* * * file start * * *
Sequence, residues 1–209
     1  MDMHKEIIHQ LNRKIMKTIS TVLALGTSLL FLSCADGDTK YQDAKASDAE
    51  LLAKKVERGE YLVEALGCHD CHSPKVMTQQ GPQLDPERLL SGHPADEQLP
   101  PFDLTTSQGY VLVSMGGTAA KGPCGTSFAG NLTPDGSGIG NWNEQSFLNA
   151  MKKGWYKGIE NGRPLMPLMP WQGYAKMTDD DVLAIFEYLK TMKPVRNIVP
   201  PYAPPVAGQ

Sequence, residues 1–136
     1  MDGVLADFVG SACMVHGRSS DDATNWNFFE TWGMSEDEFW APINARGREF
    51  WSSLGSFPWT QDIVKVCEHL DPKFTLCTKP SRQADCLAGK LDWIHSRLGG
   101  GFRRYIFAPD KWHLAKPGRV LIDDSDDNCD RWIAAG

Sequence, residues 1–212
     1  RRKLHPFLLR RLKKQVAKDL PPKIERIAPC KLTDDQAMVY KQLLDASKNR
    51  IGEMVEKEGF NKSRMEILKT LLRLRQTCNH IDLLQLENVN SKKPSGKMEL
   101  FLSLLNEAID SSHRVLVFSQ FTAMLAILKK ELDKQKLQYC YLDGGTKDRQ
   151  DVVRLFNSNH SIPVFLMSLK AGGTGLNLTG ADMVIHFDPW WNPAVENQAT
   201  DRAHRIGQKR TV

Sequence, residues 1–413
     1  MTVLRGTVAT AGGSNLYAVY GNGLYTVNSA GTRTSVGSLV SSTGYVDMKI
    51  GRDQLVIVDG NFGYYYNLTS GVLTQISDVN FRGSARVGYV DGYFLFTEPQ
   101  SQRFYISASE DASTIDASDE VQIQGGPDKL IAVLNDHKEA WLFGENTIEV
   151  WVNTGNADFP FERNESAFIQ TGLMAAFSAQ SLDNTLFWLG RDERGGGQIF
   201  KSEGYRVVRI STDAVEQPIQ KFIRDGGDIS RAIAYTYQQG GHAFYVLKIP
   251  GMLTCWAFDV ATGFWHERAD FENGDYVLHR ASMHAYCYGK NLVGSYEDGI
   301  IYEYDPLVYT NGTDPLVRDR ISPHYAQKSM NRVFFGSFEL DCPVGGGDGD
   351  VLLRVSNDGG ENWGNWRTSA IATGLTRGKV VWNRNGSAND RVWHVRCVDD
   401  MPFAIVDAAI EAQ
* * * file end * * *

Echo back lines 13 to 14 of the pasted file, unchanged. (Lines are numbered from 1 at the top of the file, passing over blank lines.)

    51  IGEMVEKEGF NKSRMEILKT LLRLRQTCNH IDLLQLENVN SKKPSGKMEL
   101  FLSLLNEAID SSHRVLVFSQ FTAMLAILKK ELDKQKLQYC YLDGGTKDRQ